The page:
I work in an LTC. Most of our residents are quite young...most of them are under age 70. We have a few residents who have a long history of severe pain and receive narcotics on a regular basis. We have a new nurse who has been there less than a month who doesn't believe that they are in pain and is working to get their mediations reduced. One of the ladies has a long history of abdominal pain to to benign cysts and abcesses...she has had over 20 surgeries, but the cysts and abcesses continue to come back. Apparently, the cysts are back and causing her a great deal of pain. I have no idea if she is really hurting or not. There is no obvious change in vital signs, but she does become diaphoretic, guards her abdomen when she walks, and grimaces. So..since she stated she was getting no pain relief, I talked to her doctor, who increased her pain meds until she can see her surgeon on Monday. The new nurse is really upset that I did this. She told me that she does not believe for a minute that the resident is having that much pain and that when she is distracted by activities that she doesn't request pain meds. She makes the resident wait an 30-60 minutes before giving PRN meds that are due. She also told another nurse that I am just a sucker and that the residents can talk me into anything...she says that she is going to tuirn me in to the state.
I'm not sure what to think about this...I really don't know if this lady is having that much pain or not. She acts like she is having that much pain, but she has a long history of narcotic use (abuse?) and is probably a good actresss. She is not sedated, gets very poor sleep, walks with a steady gait...I just don't know. I am starting to question whether I should be giving the meds or not...I am concerned that I am just feeding an addiction rather than trying to treat her pain...I am concerned that I may be putting my license in jeopardy. I would hope that if I were out of line in giving meds when residents say they are in pain, that someone would have said something to me by now, but maybe it just takes a new set of eyes to see that I am messing up.
My manger is really no help...I've asked her point blank whether I am overmedicating the residents and I've never gotten an answer...she just says things like, "If you have an order, you should be OK."
Feb 15, '07
OH btw, on pain being pain...yes and no. If you have someone that is not able to make medical choices for themselves they are not in the right state of mind also to make pain assessments. So going only by word of mouth is incorrect. Go by symptoms too! Read that body folks...don't automatically say NO they aren't because they are sleeping..watch them as they sleep..are they twitching, do they look exausted from pain and passed out? Lots to consider!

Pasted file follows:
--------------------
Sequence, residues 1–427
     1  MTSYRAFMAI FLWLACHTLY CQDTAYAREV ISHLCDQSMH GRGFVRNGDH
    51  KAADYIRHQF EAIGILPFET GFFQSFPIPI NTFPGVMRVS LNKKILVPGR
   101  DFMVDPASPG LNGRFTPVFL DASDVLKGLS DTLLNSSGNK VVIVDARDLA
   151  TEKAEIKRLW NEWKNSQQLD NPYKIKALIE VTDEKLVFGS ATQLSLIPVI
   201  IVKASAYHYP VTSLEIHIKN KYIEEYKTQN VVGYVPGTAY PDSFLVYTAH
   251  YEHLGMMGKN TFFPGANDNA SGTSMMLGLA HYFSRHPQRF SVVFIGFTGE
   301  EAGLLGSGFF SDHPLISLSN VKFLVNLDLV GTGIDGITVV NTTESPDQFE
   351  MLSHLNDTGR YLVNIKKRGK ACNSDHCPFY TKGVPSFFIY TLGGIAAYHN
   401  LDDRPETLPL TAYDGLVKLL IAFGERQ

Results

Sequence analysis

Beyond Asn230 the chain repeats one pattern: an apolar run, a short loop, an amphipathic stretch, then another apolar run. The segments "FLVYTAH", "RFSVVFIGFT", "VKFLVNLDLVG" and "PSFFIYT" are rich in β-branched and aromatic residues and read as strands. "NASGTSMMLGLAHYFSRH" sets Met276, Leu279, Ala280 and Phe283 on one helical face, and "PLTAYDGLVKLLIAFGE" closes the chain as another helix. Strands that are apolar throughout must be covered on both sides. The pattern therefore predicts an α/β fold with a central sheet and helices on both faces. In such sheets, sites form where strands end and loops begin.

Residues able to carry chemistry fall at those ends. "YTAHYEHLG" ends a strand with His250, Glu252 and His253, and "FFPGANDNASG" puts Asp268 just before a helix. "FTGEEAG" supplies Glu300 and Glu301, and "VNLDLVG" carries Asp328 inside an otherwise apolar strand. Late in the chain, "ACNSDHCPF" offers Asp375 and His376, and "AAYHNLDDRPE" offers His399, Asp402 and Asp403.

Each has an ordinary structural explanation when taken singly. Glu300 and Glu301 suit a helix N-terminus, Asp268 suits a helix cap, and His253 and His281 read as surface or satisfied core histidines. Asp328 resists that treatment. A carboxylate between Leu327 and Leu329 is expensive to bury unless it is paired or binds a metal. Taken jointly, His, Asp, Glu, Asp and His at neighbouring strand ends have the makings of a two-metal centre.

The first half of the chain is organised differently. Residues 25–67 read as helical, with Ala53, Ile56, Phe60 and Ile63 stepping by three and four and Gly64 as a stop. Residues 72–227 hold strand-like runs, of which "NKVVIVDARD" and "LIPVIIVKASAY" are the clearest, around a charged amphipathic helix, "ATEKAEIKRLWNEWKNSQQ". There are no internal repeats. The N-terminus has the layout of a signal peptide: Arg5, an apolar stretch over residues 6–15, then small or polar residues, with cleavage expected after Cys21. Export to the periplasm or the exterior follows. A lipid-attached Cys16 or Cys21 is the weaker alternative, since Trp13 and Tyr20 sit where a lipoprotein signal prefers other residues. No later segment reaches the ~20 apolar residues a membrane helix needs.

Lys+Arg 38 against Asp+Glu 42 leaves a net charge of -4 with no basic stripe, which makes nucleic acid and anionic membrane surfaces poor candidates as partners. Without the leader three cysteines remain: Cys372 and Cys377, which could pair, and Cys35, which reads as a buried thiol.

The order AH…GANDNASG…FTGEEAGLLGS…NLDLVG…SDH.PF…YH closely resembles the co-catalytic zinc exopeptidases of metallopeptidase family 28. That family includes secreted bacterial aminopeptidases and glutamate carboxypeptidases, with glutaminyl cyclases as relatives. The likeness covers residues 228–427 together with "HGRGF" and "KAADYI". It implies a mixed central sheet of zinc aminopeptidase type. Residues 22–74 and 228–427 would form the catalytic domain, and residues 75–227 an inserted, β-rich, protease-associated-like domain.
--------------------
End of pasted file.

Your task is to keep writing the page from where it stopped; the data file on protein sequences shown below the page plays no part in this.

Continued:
Body language for me is key to pain..when I am in pain (which I have a high tolenance to and don't like meds myself)...my left ankle moves alot! Don't know why..but if that sucker gets moving...it will increase to the leg and eventually me clawing like I am trying to leave my body with skin and such behind! (when I am at a 10...it is serious...I loose my mind at 8!).
Some stoic people also show pain...showing expressions is a key to a stoic pt, twitch, blinking, not being able to sit in one position for more than a few minutes! Even post stroke pts show signs!
Learn your pt, learn their 'tells' (like in poker! You can tell)...and try to help..that is all we can do!
But to automatically assume a patient is in pain because they say so...naaaa...I don't go by that alone. I mean...would I assess someones cardiac condition by them saying only "I don't have chest pain"...NO! So pain is no different..you just have to be a bit more open to signs!
Also there are cultural stereotypes for pain as well...watch for those! Some maternal women don't want themselves to be seen as weak and unable to care for their loved ones and will hide it no matter how it hurts. Some men would rather walk that admit they have a broken hip! Watch for that too..it is all part of the story! Heck, even people with low tolerence will seem like they are in pain all the darn time and say such, but there is a point where pain relief is hazzardous...so you have to be careful!
I will typically have a small convo on pain with pts..see what their history is...best way to tell if something is wrong...see the way it has been so far for them! AND I discuss a pain plan WITH the pt doing comprimise for best results always having them know that I can add or subtact as they need! That takes care of some of the anxiety..which is a large part of the pain path!
Last edit by Antikigirl on Feb 15, '07